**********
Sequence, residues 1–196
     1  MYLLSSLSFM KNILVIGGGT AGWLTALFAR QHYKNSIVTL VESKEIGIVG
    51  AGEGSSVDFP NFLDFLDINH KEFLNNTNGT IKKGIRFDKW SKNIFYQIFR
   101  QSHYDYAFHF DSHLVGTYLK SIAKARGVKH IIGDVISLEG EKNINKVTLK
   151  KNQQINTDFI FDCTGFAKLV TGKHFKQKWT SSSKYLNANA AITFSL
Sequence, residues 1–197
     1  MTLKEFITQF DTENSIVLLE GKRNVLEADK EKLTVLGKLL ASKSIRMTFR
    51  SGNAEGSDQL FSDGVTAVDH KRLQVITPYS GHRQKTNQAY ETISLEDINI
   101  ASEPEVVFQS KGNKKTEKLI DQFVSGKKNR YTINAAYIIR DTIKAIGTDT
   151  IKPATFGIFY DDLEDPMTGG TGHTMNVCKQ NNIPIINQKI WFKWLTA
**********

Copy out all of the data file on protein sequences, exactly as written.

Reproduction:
Sequence, residues 1–196
     1  MYLLSSLSFM KNILVIGGGT AGWLTALFAR QHYKNSIVTL VESKEIGIVG
    51  AGEGSSVDFP NFLDFLDINH KEFLNNTNGT IKKGIRFDKW SKNIFYQIFR
   101  QSHYDYAFHF DSHLVGTYLK SIAKARGVKH IIGDVISLEG EKNINKVTLK
   151  KNQQINTDFI FDCTGFAKLV TGKHFKQKWT SSSKYLNANA AITFSL
Sequence, residues 1–197
     1  MTLKEFITQF DTENSIVLLE GKRNVLEADK EKLTVLGKLL ASKSIRMTFR
    51  SGNAEGSDQL FSDGVTAVDH KRLQVITPYS GHRQKTNQAY ETISLEDINI
   101  ASEPEVVFQS KGNKKTEKLI DQFVSGKKNR YTINAAYIIR DTIKAIGTDT
   151  IKPATFGIFY DDLEDPMTGG TGHTMNVCKQ NNIPIINQKI WFKWLTA